Piano Sheet Music – Bar Line – What is it and What Does it Do?

Reading piano sheet music is like learning a new language. Each symbol has a unique meaning. Discover what a bar line is and what it does.

A bar of music is a small section of music. It is the maths of music!

The bar line is the vertical line that marks the end of the bar.

At the end of a piece of music you will find a double bar line.

If a piece of music has a 4/4 time signature, the top number tells you how many beats in a bar. In this case, since the top (or 1st) number is 4 – then there are 4 beats in every bar.

Most dance music is played with a 4/4 time signature. It gives the music a steady, driving beat. Most verses or choruses of a song contain 16 bars. This gives music a balanced, natural feel.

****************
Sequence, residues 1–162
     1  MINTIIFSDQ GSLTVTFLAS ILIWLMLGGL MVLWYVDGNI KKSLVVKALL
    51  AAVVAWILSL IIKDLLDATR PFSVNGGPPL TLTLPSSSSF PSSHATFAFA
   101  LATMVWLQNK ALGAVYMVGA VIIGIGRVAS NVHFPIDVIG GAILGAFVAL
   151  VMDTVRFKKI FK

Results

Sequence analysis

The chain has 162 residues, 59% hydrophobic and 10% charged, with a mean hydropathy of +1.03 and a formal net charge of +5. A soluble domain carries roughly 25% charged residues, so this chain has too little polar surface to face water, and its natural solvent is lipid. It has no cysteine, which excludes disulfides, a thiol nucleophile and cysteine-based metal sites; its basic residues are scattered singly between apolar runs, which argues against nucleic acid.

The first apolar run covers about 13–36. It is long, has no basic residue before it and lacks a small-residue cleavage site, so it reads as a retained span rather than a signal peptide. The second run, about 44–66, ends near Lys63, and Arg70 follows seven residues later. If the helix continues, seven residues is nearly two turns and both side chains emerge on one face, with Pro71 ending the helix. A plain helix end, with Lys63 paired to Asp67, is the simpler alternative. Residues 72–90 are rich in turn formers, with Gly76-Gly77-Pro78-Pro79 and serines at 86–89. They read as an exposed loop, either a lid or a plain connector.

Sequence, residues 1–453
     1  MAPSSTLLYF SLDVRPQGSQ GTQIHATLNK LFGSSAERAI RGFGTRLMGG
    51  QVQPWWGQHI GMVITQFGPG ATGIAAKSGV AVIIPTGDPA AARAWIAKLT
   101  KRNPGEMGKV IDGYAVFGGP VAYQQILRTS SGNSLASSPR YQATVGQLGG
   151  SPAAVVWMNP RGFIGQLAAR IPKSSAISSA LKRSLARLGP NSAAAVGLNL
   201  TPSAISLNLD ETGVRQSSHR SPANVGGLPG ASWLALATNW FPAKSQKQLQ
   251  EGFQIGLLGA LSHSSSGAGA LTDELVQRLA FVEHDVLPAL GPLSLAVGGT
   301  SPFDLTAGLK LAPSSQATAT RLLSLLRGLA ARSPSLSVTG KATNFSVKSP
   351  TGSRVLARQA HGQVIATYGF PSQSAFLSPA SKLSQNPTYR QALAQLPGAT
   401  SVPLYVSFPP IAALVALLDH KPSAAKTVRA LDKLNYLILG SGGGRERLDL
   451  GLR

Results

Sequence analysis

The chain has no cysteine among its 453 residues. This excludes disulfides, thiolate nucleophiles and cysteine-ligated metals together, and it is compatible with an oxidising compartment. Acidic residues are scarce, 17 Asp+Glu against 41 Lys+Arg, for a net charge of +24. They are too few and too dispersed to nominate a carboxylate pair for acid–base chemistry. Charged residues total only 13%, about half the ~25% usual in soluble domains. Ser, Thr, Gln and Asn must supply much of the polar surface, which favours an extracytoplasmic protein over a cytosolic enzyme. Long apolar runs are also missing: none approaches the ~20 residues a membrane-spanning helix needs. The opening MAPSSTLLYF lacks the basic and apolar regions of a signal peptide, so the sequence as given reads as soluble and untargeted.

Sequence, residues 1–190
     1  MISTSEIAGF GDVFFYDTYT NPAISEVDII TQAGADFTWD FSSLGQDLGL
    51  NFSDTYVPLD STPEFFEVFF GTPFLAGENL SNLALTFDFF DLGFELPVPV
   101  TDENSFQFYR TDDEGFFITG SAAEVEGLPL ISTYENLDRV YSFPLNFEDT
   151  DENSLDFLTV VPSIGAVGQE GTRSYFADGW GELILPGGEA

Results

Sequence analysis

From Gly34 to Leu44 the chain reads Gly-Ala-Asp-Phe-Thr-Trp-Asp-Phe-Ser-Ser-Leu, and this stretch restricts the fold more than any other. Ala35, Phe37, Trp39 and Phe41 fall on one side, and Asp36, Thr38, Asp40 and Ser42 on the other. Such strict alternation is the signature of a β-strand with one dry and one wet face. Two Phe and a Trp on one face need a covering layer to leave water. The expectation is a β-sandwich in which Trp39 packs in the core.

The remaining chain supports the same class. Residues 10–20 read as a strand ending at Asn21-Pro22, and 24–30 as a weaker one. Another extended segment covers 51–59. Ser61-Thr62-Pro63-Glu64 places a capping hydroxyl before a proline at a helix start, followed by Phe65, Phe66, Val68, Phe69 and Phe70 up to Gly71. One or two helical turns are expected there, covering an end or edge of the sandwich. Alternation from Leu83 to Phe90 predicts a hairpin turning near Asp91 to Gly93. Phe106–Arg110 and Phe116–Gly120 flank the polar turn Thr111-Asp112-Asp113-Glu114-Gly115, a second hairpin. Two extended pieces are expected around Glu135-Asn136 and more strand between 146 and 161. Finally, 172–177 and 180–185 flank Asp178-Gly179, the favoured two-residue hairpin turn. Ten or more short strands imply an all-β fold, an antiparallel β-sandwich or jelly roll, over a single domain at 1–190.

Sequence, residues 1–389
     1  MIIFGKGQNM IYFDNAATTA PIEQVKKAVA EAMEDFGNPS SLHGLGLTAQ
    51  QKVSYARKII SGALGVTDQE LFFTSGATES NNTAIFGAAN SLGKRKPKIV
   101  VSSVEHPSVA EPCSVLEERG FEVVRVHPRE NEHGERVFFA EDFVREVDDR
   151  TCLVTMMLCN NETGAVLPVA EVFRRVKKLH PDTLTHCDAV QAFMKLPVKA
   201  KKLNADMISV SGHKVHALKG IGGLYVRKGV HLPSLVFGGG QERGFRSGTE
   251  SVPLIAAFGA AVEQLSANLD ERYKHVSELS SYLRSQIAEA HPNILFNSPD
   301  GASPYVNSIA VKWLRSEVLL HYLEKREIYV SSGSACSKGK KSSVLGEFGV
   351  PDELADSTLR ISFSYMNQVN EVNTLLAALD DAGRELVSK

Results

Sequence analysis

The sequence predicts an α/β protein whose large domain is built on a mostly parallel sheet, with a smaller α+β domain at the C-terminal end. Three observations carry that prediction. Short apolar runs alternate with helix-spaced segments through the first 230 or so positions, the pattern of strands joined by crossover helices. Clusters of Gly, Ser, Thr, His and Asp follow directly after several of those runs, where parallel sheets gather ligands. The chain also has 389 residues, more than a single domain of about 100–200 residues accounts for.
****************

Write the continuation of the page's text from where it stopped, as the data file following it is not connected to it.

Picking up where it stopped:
Individual rhythms, like coins, are worth different values. There are rhythms worth 1, 2, 3 and 4 beats in music. There are also rhythms that are worth less than 1 beat. A bar contains an exact number of beats. You could have one rhythm worth 4 beats in your first bar. The next bar could have four rhythms worth 1 beat. The rule is – they must all add up to the same number of beats.

There are several functions of bar lines.

#1 – It divides the music up into readable chunks – rather like punctuation marks in English.

#2 – If several musicians are playing together, it gives them all an exact location to start from: “Play from bar 17”.

#3 – Its vital job is to place the emphasis on beat 1. The 1st beat of every new bar should be played slightly stronger than the other beats. It would sound like this: 1 2 3 4, 1 2 3 4